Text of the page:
CHICAGO (CBS) — It’s been a couple years since Chicago has seen a snowstorm as big as the one that began blanketing the city Thursday night, but city officials wanted to assure residents they haven’t forgotten how to keep the city moving.

At a briefing at the city’s 911 Center, Mayor Rahm Emanuel weighed in on how he thinks the city is responding to the biggest snowstorm of the season.

“The last two winters haven’t been heavy from a weather side. This is more reflective of what we kind of think about when we have in our mind’s eye what does a Chicago winter look like. The good news is we’re tried and tested here,” he said. “Everybody here didn’t just show up today to figure out how to respond to this. We are tried and tested as a system. We’re up to it.”

The mayor said what’s different about this snow event is it’s coming in waves, rather than one big snow dump and it’s over.

“This is coming, stopping, coming, stopping, coming; and everybody’s going to be working all the way through to make sure that people are safe,” he said.

Snow plows have been out since Thursday evening, clearing snow and spreading salt.

More than 300 snow plows have been working around the clock to clear and salt more than 9,400 lane miles of streets across the city.

Tens of thousands of tons of salt were being used from the city’s supply of more than 400,000 tons for this winter.

The city has largely focused on plowing main streets and Lake Shore Drive, only occasionally hitting some side streets. Crews will only switch their focus to side streets after the snow stops.

Contractors also have been busy clearing parking lots and sidewalks for local businesses, so customers can easily get in and out. One contractor described the storm as money falling from the sky.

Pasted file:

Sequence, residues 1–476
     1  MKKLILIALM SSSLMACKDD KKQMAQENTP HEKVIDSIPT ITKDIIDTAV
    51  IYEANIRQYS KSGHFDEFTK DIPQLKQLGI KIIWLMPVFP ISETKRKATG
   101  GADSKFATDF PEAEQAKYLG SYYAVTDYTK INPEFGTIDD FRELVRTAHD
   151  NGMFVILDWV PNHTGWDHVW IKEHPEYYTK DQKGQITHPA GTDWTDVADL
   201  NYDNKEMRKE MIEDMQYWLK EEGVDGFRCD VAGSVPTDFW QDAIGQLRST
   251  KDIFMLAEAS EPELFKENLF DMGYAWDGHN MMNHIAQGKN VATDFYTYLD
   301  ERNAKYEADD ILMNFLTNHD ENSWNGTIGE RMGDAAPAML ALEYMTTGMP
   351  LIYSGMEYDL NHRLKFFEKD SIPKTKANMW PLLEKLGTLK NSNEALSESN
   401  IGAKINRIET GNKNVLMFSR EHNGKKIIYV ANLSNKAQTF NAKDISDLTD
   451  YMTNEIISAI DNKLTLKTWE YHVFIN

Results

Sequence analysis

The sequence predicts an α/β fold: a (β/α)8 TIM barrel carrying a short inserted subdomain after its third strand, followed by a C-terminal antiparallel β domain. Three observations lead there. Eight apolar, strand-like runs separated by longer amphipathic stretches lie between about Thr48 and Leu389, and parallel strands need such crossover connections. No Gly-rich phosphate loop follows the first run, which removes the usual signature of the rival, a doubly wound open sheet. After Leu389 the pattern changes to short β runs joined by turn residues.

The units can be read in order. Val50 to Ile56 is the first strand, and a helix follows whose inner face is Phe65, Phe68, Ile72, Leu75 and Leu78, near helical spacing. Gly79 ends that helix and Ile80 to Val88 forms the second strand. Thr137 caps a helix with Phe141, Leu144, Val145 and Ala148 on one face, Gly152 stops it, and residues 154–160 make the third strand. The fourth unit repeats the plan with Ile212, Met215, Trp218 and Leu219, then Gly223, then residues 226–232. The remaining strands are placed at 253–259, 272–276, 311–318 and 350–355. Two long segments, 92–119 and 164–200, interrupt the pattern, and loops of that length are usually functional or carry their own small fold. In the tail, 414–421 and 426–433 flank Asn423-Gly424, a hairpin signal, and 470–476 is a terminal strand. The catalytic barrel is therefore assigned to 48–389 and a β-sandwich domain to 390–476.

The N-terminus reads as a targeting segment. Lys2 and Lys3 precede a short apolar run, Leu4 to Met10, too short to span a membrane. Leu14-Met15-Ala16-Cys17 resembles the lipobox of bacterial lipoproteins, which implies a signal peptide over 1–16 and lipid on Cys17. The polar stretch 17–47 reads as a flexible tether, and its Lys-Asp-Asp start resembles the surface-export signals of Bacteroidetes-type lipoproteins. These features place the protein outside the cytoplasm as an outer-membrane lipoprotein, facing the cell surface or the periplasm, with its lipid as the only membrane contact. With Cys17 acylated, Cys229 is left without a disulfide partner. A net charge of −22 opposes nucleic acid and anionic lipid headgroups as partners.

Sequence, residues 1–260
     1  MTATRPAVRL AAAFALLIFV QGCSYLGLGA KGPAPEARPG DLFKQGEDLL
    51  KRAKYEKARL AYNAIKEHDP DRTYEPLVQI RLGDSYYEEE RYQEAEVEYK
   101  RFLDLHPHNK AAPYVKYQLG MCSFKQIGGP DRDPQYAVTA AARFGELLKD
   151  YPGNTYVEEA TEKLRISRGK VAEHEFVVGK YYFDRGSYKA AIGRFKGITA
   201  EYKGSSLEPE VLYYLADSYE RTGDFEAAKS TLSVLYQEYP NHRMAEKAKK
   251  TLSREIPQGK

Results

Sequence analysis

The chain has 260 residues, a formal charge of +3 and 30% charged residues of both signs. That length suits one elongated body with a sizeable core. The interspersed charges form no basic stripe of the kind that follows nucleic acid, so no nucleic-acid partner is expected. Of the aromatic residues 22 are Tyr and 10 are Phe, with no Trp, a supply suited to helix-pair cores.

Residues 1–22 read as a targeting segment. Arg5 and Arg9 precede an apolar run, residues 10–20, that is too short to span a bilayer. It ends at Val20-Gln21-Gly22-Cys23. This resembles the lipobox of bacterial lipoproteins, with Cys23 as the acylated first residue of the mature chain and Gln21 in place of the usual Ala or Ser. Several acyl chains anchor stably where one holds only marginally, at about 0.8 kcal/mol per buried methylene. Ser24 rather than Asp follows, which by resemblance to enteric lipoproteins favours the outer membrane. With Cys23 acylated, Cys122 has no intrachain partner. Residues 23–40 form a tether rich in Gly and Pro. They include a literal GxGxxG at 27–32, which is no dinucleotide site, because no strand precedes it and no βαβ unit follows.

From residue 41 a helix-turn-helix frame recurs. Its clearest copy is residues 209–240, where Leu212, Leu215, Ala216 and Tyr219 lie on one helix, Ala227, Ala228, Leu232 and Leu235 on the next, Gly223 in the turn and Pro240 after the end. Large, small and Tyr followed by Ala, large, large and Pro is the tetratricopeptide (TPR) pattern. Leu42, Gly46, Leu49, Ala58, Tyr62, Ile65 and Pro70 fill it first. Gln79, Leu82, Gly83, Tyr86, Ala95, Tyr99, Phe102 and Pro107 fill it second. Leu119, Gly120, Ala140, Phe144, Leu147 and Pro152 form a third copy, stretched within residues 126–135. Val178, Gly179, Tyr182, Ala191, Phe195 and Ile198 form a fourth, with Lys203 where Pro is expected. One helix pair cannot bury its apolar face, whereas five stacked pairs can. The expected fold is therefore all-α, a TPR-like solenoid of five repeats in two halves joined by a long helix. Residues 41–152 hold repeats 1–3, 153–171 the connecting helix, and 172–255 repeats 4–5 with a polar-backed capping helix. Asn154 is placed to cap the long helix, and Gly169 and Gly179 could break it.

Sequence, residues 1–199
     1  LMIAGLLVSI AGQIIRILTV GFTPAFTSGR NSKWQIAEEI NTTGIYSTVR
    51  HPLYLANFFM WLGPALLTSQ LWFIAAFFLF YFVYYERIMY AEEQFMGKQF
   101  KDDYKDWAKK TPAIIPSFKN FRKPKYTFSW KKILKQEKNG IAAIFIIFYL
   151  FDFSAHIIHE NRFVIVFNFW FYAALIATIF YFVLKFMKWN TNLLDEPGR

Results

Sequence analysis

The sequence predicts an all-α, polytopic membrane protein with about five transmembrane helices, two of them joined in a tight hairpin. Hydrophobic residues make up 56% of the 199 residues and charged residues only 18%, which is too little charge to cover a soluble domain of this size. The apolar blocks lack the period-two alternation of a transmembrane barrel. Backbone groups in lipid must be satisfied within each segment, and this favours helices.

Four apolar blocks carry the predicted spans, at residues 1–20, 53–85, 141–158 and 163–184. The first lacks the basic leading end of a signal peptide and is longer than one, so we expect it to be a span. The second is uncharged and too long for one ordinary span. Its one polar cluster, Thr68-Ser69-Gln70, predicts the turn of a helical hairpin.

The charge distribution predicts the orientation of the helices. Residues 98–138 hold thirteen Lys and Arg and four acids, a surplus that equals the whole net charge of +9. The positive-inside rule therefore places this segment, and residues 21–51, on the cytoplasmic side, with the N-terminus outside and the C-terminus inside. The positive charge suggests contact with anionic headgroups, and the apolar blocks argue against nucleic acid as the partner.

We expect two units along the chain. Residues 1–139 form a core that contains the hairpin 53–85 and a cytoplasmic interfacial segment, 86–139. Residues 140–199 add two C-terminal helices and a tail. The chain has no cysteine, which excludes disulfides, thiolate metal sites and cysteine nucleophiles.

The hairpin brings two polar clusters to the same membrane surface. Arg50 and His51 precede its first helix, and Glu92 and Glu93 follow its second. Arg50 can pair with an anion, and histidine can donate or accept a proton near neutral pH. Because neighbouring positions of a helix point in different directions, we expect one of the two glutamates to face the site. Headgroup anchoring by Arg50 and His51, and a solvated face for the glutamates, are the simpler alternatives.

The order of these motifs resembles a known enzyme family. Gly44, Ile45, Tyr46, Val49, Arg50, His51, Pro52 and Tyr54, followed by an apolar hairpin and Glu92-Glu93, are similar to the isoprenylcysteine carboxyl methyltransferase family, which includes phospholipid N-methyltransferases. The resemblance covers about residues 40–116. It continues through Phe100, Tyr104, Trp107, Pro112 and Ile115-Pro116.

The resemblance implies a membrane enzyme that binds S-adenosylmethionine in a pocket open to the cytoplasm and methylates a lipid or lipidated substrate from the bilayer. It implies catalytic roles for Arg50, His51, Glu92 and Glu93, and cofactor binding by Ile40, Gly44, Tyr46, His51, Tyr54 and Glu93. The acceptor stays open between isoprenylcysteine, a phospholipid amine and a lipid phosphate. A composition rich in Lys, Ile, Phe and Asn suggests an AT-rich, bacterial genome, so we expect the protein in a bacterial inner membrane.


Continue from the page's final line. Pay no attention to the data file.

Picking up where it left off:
Despite the best efforts of plow operators, driving remained treacherous. So, if you don’t have to drive anywhere on Friday, don’t.

There have been dozens of crashes and spin-outs, but the only confirmed fatality has been a tow truck driver who was killed after pulling over to change a tire on Interstate 294. Illinois State Police said the driver was killed when the jack slipped, and the truck fell on top of him.

Meantime, Chicago Public Schools were closed on Friday. CPS hadn’t closed schools for snow since the Groundhog Day blizzard of 2011 — which buried the city in 21.2 inches of snow in one day, though it has closed several times since then for extreme cold.

“We’re going to make it up in the school year. I don’t regret the decision,” he said.

Although schools were closed on Friday, the city’s 80 libraries remained open.

The storm also has forced airlines to cancel hundreds of flights at O’Hare and Midway airports. As of 11 a.m., more than 810 flights had been cancelled on Friday at O’Hare, and more than 310 had been cancelled at Midway.